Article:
“Hayden, how are you doing today?”  His deep and friendly voice offered trust.

“Fine, I guess.  I was just on my way to see you, sir.”


“I wasn’t paying attention in English.  I made a derisive comment about Mrs. Prescott’s lecturing methods.  I don’t see why the adults can’t joust in conversation without immediately taking offense and sending the kids to you.  Don’t you get tired of seeing us for such mediocre complaints?”

“Yes, sometimes, but order has to be kept,” he sighed.  “Some teachers are just like kids themselves, and then some students are more mature than teachers.  Take Coach Adams for instance…that goofball would be out of here if he didn’t know how to coach a three-point shot so well.”

They both laughed.  Kroger thought his joke was authentically funny, but Hayden was laughing to keep the focus off his earlier mistake.  He played psychologist with the principal, hoping it would work in his favor.

“Hayden, your grades seem to be slipping slightly.  Up until this semester, you’ve had straight A’s, but you received B’s in two classes.  Don’t be alarmed, but I like to keep a close eye on students that I believe have great potential.  Is something going on at home that you want to talk about?”

Kroger finally started washing his hands.  Hayden made a point to notice and did the same.  He hoped Kroger would see that he followed by example and would assume the good trait outweighed any bad ones.

“My seemingly melancholy demeanor does not start at home.  Nothing starts at home.  Dad is always away on business, and Mom is doing the usual juggling of responsibilities.  Xbox online keeps me company most of the time when I’m not studying the arts of life.  Most of the time, I feel like I’m stuck in neutral.  The world is certainly not pushing me into drive like you guys promised it would.”

“Well, I can see why Prescott sent you to me.  You have an underlying sarcastic tone, but nothing too rude.  One might even consider it humorous.  Just promise me, you will try to bring those B’s up to A’s.  You have potential.  When you get out of this sheltered world of public education, you’ll need all the options you can get your hands on.  As far as the world is concerned, it pushes us all.  You have to find the right current and dive in.”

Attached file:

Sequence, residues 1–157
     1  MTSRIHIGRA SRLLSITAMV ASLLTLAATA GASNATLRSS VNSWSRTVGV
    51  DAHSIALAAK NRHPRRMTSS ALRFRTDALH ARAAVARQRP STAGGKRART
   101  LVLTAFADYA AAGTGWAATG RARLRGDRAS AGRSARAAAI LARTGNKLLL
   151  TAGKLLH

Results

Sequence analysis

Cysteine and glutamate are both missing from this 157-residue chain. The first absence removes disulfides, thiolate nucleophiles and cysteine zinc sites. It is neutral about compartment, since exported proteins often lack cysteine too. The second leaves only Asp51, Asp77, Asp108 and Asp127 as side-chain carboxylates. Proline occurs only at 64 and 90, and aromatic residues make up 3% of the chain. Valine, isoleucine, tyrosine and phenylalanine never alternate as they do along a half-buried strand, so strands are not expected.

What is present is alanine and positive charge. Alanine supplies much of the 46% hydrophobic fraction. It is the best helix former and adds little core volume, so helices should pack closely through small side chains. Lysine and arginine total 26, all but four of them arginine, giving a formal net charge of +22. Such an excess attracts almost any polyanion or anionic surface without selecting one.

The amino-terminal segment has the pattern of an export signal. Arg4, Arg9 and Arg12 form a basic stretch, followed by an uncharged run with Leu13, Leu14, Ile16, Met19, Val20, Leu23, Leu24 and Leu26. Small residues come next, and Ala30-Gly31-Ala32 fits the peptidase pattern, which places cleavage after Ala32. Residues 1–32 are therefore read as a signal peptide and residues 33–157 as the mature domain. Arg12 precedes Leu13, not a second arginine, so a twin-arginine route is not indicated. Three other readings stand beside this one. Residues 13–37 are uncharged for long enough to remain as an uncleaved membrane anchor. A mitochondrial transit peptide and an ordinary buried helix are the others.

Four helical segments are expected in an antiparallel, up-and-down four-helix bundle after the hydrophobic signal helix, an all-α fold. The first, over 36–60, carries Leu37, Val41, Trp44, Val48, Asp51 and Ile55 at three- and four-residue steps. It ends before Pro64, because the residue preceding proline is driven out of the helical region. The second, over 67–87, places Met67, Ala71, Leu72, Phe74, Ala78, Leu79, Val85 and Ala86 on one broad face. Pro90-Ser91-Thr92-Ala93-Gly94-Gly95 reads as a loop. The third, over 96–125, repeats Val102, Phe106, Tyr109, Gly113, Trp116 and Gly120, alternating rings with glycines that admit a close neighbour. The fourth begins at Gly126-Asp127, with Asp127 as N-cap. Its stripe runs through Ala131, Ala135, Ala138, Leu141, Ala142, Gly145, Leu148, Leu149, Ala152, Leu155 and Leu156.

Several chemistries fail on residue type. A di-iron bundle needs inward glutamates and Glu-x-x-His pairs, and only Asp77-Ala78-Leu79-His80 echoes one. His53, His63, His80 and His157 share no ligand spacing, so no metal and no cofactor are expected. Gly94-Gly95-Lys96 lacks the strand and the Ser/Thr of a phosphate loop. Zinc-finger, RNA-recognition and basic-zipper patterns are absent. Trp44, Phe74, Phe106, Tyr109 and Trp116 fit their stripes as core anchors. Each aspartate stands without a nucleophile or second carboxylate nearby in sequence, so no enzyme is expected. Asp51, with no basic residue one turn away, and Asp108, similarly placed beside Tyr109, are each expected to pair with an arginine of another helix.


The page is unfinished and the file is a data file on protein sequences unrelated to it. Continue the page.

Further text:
He patted Hayden on the shoulder and left the restroom.  Hayden heard the words that were spoken, but only a few hit their intended mark.  The metaphor of a surging river stuck with him.  He splashed water in his hair and slicked it back—glancing in the mirror.  Hayden brought his hair back down to cover his eyes.

“Suck it up, coward.  You’re acting like a girl.”

In his mind, his reflection made an obscene gesture as he sauntered back to the classroom.  He opened the door and rejoined the class by taking his seat.  The other students wanted to know if he had gotten in trouble.  Eric nudged at him, but he kept his focus on the teacher until the end of class.

The dismissal bell rang.  Hayden and Eric started their usual walk home.  They watched different students gear up on their methods of transportation.  Skateboards flipped through the air, Rollerblades slid across the concrete, trick bikes rode on one wheel, and sneakers danced around bouncing basketballs.  Hayden classified each group in his mind and placed himself outside of them all.  He was one of those who liked solitude while choosing not to own a vehicle.

Eric’s two-story brick house came first.  His mom moved in a stooping position by the flowerbed and waved at Hayden when she noticed them walking up.  She greeted him, but all Hayden saw were the tops of her large breasts peeking out of her tight pink shirt.  He mumbled to himself and walked off.  After fifteen seconds, sure that Eric was inside the house and his mom was gardening again, he glanced back to see if she was bending over.  She was, which brought a smile to his face.  He felt the ridiculous grin and immediately stopped.


Mike Devlin’s Oasis in the Camden Food Desert



The Camden Children’s Garden’s display at the Philadelphia Flower Show Photo Credit: South Jersey Magazine

A food desert is a place where there is no access to fresh, healthy produce or other foods. There are two types of food deserts in the U.S.  Urban food deserts are low-income areas located in the city that have no access to a grocery store, which sells fresh food within a mile of where someone lives.  In rural food deserts, the area expands to a ten-mile low-access area, which has no retail store with fresh food available. These figures are determined by census tracts.

The USDA states that 23.5 million Americans live in food deserts.  More than half of those are low-income, which also means they may not have readily available transportation to travel to where there is fresh, healthy food. An additional problem lies in the availability of fast food restaurants and convenience stores, which are more readily available, and could be contributing to the obesity and health problems of our country.